HAMILTON, Ohio — Hoping to revitalize its Second Ward neighborhood, Hamilton turned to two unusual sets of urban planners.
The first: A group of 11 Miami University students finishing their degrees in urban and regional planning. Through their Advanced Urban Planning class, they would get an opportunity to work for a real-world client and put their skills to practical use.
The second: People who live there. When the students met with them to learn more about the Second Ward, they had the chance to shape the future of their own community.
“The residents got to sit down with marker, and literally say, ‘This building specifically is weak. It’s an eyesore,’” senior Molly O’Donnell, who participated in the project, said Tuesday night. “Or, ‘I’d like to see new development here,’ or, ‘this park is the center of our community, and we really value it. We’d love to see more programming for the park.’”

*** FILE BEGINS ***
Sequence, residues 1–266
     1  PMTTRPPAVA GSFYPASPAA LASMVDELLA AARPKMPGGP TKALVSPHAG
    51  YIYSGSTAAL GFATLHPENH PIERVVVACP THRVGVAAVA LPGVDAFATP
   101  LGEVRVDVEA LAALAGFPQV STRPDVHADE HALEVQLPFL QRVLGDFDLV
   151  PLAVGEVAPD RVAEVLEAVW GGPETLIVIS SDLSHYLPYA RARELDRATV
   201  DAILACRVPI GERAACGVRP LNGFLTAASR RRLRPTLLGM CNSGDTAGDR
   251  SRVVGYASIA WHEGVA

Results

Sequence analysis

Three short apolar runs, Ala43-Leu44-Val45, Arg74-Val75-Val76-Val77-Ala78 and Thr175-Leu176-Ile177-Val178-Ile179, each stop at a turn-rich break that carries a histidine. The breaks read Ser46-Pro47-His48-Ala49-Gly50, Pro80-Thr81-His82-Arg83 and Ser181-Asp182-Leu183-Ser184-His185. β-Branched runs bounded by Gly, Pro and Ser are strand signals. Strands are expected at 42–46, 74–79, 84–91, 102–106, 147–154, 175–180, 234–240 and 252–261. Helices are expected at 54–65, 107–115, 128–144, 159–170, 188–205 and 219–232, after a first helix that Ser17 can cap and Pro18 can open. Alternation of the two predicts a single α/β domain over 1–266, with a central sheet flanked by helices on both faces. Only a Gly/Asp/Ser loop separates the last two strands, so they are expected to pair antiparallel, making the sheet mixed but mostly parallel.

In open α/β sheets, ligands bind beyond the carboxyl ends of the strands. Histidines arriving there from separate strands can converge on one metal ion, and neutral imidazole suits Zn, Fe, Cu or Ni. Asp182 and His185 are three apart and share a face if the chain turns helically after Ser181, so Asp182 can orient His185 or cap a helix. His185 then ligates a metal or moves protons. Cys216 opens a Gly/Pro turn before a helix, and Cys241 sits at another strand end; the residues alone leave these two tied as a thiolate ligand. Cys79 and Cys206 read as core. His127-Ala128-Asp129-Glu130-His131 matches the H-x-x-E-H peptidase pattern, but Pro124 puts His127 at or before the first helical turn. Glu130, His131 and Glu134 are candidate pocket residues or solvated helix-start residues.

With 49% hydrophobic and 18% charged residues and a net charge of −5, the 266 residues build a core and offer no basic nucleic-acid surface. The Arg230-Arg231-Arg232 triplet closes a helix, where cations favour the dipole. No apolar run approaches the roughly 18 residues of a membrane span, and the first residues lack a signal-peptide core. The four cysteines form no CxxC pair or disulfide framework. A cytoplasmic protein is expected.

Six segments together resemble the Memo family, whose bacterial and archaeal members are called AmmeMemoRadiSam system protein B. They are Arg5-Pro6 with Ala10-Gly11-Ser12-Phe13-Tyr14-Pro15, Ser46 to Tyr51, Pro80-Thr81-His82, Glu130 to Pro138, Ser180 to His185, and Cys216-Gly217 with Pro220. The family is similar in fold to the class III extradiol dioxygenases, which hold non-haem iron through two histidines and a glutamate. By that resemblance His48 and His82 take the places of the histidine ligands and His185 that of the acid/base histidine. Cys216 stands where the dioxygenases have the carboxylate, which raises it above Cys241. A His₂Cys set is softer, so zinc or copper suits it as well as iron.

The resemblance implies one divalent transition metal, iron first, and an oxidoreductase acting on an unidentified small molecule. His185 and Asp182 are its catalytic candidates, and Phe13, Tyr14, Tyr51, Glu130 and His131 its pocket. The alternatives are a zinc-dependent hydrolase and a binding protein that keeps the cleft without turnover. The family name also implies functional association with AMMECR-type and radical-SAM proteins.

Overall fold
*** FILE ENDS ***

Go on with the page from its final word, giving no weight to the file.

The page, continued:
She and her classmates envisioned ways to bring vacant buildings to life and fill empty public spaces with community gardens or food trucks. Even touches as small as new signs and brightly colored crosswalks could create a more unique, welcoming space.
The suggestions the exercise produced won’t become reality right away, city planning director Liz Hayden said. But she’s excited about the possibilities and actively looking for funds.
“We’re having meetings where we can do those colorful crosswalks,” she said. “I was excited to find out it’s much more doable than I thought it would be.”
The Second Ward collaboration is the latest of Hamilton’s efforts to energize the city. Others have focused on downtown, the conversion of an abandoned paper mill to a multimillion-dollar sports facility and the creation of an entertainment district that allows visitors to drink outdoors.
“Improving our housing stock is one of the two key areas they want to focus on this year,” Hayden said. “You have a community that’s proud of where they live. People that feel like they’re part of something that’s positive.”
O’Donnell said she loved the project, which allowed her class to function as real urban planners. Hayden said she would be happy for the city to continue collaborating with Miami University in the future.
“I think they’ve done such a fantastic job,” she said. “We’d be lucky to have them every year.”